One year ago, I had yet to write a word. I had a conversation with my mother about a certain trilogy that had taken the world by storm. I won’t name it, because the reason we were discussing it was because of how much I hated it. And I know I said the words, “I could write better than that,” because my mother issued a challenge that would change my life.
“So? Do it.”
One year ago, I was finally preparing to begin my first National Novel Writing Month. I had never written a bit of fiction…well, that’s not true. Back in my days of tween years of hormonal mood swings I started a few stories that completely sucked. And some bad poetry. But last year…
OK. Last year I started a novel that completely sucked. I mean, it SUCKED. I read it now and am horrified at what I wrote, even though no one will ever seen it. I’ve learned so much in the past year. Thank God.
Writing was one of those things, like running half and full marathons, that I always thought of as something fictional people do. Not real people. Not people I might actually know. And then I met people who ran marathons and realized…hey, they are real people. And if they can do it, maybe I can too. So now I’m training to run a half marathon.
Which leads me back to writing. About five years ago I heard of something called NaNoWriMo. I found the website and signed up, and promptly stopped thinking about it. But the problem was I had these stories in my head. And the only way to get them out was to actually write them.
The next several years I received the NaNo Prep emails every autumn, and thought, “One of these days…” Two years ago, I even bought a new laptop with the idea that someday, I might write something.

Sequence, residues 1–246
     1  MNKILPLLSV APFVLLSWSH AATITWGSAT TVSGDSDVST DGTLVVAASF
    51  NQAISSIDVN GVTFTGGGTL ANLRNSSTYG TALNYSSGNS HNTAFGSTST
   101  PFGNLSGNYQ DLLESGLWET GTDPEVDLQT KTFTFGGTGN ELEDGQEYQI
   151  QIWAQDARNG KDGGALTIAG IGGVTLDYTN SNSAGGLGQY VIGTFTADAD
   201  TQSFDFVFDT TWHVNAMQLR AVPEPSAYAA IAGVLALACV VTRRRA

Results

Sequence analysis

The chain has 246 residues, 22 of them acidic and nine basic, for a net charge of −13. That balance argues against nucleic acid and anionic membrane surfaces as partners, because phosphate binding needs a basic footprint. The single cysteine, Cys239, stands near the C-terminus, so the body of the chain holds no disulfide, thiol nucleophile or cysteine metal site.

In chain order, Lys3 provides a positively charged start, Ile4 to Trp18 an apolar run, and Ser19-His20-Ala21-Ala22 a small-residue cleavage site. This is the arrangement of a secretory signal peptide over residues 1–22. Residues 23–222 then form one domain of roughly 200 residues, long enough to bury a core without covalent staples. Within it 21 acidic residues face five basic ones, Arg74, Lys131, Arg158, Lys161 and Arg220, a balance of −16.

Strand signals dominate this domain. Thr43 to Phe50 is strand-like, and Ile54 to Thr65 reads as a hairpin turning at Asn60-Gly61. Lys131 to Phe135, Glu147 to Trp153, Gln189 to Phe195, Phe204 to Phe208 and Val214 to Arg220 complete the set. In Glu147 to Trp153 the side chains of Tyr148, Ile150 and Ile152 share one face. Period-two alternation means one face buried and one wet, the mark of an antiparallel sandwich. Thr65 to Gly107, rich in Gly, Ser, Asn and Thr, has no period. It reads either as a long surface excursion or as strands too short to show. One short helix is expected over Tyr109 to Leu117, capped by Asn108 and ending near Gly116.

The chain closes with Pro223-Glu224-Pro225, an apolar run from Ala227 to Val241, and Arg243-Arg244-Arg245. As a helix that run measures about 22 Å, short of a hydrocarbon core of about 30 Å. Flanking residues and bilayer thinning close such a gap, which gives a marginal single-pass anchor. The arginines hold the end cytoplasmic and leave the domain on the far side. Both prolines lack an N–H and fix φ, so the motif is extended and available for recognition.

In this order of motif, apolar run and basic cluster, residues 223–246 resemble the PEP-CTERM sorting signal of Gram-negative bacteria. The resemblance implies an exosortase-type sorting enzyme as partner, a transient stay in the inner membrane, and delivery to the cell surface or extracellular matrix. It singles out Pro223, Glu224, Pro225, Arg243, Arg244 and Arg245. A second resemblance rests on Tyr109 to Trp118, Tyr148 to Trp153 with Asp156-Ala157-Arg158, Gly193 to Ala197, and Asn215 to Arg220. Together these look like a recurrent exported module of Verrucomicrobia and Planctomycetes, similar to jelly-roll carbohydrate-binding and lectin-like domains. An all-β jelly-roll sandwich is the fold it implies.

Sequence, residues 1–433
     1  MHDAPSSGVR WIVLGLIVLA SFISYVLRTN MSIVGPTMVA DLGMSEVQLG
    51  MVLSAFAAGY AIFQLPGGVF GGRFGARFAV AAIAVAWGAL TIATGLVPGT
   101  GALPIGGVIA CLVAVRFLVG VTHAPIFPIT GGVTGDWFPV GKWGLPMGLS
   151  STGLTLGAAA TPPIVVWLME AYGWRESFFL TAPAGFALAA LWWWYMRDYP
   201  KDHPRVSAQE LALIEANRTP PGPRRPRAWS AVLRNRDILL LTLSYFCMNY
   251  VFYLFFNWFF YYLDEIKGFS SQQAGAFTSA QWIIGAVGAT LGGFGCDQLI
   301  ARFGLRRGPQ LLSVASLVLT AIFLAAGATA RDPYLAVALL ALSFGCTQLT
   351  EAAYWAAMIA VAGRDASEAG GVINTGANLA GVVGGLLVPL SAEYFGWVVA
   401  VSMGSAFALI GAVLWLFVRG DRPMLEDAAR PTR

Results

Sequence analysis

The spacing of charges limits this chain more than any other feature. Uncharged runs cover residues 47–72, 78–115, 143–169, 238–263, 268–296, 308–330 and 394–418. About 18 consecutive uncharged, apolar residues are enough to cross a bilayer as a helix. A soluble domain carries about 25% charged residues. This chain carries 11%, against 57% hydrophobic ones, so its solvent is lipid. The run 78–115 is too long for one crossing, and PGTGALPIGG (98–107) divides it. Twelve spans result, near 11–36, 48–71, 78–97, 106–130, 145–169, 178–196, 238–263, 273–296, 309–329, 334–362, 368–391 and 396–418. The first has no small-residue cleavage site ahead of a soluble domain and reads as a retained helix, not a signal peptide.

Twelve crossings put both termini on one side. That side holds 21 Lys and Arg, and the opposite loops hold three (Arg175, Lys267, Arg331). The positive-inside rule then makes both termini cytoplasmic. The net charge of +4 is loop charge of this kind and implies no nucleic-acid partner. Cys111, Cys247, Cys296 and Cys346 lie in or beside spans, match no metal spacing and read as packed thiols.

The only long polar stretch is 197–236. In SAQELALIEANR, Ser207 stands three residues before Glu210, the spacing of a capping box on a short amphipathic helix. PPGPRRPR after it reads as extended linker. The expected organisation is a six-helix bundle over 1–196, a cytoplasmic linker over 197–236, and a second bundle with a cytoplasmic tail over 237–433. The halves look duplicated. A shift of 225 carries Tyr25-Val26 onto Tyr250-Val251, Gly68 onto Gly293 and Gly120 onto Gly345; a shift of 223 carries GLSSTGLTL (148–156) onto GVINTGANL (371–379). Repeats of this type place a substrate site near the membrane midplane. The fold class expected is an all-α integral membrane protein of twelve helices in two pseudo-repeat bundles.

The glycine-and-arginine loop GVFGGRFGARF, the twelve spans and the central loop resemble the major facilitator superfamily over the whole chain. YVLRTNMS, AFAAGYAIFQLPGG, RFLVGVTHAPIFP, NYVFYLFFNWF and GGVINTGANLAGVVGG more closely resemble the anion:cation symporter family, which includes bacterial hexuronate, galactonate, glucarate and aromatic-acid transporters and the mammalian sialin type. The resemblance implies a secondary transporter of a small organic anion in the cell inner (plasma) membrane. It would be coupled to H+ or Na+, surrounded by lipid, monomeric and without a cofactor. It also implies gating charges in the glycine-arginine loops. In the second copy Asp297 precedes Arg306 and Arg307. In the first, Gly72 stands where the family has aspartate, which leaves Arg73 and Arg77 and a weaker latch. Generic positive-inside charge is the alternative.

And then last year, my mother threw down the gauntlet. So I picked it up and met the challenge– about 36,000 words of it, a tad short of the 50K required to “win”. Someday I will revise that book and move on with it, because I still think it’s a good story. But in the meantime, I’ve moved on, joined a critique group, taken a few online workshops, started another novel, written a few short stories. And the most important thing I’ve learned in the last year is that, damn, they’re right: you do get better simply by writing more.
Now, a year after attempting my first NaNo project, I’m readying for my second. I’m better armed now; better prepared. I have a writing nook, and more knowledge of the craft of writing –but also more knowledge of myself and my own weaknesses and impediments to success. The number one thing I can do to improve is just to put my ass in the chair and type away at the keyboard like a demented monkey. Writing words, lots of words. Every day. All the reading and workshops the Internet has to offer can’t hold a candle to that experience.
And this is how I find myself, at 1:15 a.m. after a full day of cleaning, cooking, and entertaining, writing words. My ass isn’t isn’t the chair, though. I admit it, I’m in pajamas and sitting up in bed, with my husband downstairs so I’m not keeping him awake. I’m technically counting this as Saturday’s writing because I haven’t gone to sleep yet. Tomorrow (today) I will write more words. And again the day after that, until maybe someday I can produce something that makes sense and is something other people may actually want to read.
Oh, but the eyelids, they are heavy…tomorrow, more words.
Wow — great post! Everything you say is true. Becoming a writer is all about putting in the time and writing, writing, writing.
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